Mozilla launches a VPN, brings back the Firefox Test Pilot program
Mozilla today announced that it is bringing back the Firefox Test Pilot program to allow users to try out new features before they are ready for mainstream usage. While the name is familiar, though, the overall goals of the new program are a bit different from the last iteration and the focus is less on crazy experiments and more on beta testing products that are almost ready for public consumption.
The first new project in the Test Pilot program is the beta of the Firefox Private Network VPN service, which is now available for Firefox desktop users in the U.S.
The Firefox Test Pilot program has gone through its share of iterations. First launched three years ago, it quickly became the incubation ground for a number of new features. In January of this year, though, the organization decided to shut it down.
Why bring it back now? Clearly, Mozilla was getting valuable feedback from the Test Pilot users, who were surely among the most dedicated Firefox fans.
The organization says that it wanted to take time to evolve the program and this new version is indeed somewhat different. “The difference with the newly relaunched Test Pilot program is that these products and services may be outside the Firefox browser, and we will be far more polished, and just one step shy of general public release,” the team explains.
The new Test Pilot program then is less about giving users the opportunity to test some of the Firefox team’s more eccentric ideas and more like a traditional public beta test program.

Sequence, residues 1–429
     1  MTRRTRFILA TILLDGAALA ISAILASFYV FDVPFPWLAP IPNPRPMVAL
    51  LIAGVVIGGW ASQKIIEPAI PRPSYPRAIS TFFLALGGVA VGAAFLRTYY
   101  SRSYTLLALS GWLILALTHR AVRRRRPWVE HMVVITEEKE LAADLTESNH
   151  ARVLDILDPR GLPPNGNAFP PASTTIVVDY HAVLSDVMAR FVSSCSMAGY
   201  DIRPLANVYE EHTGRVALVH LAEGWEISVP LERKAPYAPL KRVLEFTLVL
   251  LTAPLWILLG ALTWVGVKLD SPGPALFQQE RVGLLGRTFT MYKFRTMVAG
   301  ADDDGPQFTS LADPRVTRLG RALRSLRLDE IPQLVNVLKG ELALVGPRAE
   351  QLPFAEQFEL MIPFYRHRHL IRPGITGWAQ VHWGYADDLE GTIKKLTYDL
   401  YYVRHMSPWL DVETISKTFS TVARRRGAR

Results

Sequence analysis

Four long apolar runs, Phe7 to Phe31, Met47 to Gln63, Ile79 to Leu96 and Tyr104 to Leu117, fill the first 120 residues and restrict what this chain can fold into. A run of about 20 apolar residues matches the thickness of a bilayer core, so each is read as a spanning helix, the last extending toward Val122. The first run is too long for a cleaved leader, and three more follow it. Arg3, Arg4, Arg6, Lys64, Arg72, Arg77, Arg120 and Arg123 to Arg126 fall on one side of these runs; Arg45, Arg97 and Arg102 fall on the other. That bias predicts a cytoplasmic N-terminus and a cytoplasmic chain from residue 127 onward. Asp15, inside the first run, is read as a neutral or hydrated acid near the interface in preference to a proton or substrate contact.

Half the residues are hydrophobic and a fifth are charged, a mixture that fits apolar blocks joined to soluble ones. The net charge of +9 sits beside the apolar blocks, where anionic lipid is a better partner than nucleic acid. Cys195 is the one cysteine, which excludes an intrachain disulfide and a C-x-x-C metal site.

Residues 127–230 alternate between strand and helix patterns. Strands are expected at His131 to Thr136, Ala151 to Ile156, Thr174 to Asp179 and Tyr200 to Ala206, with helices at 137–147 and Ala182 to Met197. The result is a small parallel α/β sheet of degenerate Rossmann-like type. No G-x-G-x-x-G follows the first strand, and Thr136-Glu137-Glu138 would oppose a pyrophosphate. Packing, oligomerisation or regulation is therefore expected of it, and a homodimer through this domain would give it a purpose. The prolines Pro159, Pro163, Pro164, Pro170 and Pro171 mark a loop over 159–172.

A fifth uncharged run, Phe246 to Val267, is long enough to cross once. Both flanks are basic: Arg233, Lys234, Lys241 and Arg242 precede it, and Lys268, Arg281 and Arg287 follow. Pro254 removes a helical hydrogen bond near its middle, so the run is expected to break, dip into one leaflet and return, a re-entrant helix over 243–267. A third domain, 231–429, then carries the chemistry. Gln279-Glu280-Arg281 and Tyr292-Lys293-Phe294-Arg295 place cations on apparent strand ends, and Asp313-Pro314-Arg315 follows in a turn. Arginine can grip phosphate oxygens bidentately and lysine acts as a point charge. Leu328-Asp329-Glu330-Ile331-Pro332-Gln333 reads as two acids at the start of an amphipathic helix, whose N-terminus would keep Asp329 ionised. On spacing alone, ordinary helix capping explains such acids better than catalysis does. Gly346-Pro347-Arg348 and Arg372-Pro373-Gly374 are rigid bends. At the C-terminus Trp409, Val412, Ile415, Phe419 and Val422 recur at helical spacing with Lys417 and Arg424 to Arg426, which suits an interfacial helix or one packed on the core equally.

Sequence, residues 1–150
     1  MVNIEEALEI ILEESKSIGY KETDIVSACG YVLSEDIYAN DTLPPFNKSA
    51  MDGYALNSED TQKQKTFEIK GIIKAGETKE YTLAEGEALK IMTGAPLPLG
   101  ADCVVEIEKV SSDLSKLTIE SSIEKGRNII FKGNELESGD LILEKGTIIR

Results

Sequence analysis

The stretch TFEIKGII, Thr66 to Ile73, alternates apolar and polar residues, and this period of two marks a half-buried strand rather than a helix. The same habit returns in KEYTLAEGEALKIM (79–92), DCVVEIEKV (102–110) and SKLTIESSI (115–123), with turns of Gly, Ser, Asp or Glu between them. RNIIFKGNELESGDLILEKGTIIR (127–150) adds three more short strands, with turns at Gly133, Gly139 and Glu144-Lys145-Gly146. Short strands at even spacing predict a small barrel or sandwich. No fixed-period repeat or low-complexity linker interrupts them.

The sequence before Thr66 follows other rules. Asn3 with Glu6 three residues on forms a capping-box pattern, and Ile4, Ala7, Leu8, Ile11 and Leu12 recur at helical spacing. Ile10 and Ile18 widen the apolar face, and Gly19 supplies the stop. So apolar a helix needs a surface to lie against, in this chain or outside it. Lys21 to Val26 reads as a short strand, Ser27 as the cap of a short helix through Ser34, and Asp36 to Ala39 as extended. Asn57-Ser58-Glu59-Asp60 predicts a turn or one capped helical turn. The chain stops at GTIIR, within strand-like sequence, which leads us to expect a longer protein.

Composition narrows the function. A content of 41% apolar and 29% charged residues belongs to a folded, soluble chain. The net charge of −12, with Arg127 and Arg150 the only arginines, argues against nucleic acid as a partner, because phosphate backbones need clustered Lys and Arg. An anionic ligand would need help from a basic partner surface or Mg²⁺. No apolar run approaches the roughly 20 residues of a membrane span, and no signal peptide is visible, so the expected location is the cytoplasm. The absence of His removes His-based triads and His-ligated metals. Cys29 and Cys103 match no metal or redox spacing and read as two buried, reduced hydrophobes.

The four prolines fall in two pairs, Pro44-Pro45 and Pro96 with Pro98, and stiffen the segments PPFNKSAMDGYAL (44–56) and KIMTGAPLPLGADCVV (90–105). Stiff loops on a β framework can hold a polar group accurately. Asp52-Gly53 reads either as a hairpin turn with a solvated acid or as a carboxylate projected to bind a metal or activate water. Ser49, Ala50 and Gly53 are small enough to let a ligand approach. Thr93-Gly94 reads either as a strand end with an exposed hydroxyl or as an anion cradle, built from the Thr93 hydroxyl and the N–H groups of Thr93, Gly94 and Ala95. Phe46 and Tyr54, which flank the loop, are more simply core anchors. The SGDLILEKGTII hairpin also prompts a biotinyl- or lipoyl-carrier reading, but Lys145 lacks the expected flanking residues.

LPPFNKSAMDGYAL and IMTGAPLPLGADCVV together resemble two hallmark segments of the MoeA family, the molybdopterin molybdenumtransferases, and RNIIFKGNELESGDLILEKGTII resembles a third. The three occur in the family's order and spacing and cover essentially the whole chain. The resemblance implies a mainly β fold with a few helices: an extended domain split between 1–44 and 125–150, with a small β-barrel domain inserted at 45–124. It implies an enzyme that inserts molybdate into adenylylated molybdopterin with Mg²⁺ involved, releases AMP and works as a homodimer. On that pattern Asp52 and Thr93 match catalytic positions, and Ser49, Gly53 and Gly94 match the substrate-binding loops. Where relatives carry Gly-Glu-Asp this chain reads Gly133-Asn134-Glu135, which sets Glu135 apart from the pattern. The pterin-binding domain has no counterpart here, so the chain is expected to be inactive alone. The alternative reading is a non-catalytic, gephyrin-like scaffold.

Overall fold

The new VPN project, the team writes, is a good example of this approach. It’s a Test Pilot project because the team wants to fine-tune it a bit more before its public release.
The Firefox Private Network isn’t so much about trying to circumvent geo-restrictions and instead mostly focuses on giving users access to a private network when they are on public Wi-Fi and helping them hide their locations from website and ad trackers (and indeed, a lot of the new Test Pilot projects will focus on privacy). That’s probably why Mozilla doesn’t refer to it as a VPN either, though that’s obviously what it is.
“One of the key learnings from recent events is that there is growing demand for privacy features,” Mozilla’s Marissa Wood writes today. “The Firefox Private Network is an extension which provides a secure, encrypted path to the web to protect your connection and your personal information anywhere and everywhere you use your Firefox browser.”
Mozilla is partnering with Cloudflare for this launch and Cloudflare is providing the proxy server for it. It’s available as a Firefox extension, but only in the U.S. and for Firefox desktop users. For now, it’s available for free, though there have been some hints that Mozilla will at some point start charging for the service. Because it’s not a full VPN service, it remains to be seen how much the organization will be able to charge for it. Last year, Mozilla partnered with ProtonVPN and offered that service for $10 per month.
It’s worth noting that Opera, too, includes a free built-in VPN service, which includes the ability to set your location to either the Americas, Europe or Asia.
If you want to give the new service a try, you only need a Firefox account; sign up here.
Read the original article over at TechCrunch.com.